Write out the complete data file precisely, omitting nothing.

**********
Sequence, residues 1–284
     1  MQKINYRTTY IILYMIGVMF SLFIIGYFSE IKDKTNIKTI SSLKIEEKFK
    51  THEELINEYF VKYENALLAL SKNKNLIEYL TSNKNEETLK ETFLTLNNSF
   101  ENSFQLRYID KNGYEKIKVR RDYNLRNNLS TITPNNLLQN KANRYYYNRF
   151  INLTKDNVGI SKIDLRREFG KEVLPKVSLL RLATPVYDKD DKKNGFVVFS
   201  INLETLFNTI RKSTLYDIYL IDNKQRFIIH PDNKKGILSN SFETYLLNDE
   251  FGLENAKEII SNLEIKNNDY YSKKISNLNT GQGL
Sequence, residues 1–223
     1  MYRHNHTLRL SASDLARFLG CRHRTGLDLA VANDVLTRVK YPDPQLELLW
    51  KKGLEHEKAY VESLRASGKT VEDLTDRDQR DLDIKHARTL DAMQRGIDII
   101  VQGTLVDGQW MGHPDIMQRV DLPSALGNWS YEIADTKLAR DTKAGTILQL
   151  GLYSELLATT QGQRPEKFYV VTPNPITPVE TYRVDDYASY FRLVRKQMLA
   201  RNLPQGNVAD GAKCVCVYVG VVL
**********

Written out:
Sequence, residues 1–284
     1  MQKINYRTTY IILYMIGVMF SLFIIGYFSE IKDKTNIKTI SSLKIEEKFK
    51  THEELINEYF VKYENALLAL SKNKNLIEYL TSNKNEETLK ETFLTLNNSF
   101  ENSFQLRYID KNGYEKIKVR RDYNLRNNLS TITPNNLLQN KANRYYYNRF
   151  INLTKDNVGI SKIDLRREFG KEVLPKVSLL RLATPVYDKD DKKNGFVVFS
   201  INLETLFNTI RKSTLYDIYL IDNKQRFIIH PDNKKGILSN SFETYLLNDE
   251  FGLENAKEII SNLEIKNNDY YSKKISNLNT GQGL
Sequence, residues 1–223
     1  MYRHNHTLRL SASDLARFLG CRHRTGLDLA VANDVLTRVK YPDPQLELLW
    51  KKGLEHEKAY VESLRASGKT VEDLTDRDQR DLDIKHARTL DAMQRGIDII
   101  VQGTLVDGQW MGHPDIMQRV DLPSALGNWS YEIADTKLAR DTKAGTILQL
   151  GLYSELLATT QGQRPEKFYV VTPNPITPVE TYRVDDYASY FRLVRKQMLA
   201  RNLPQGNVAD GAKCVCVYVG VVL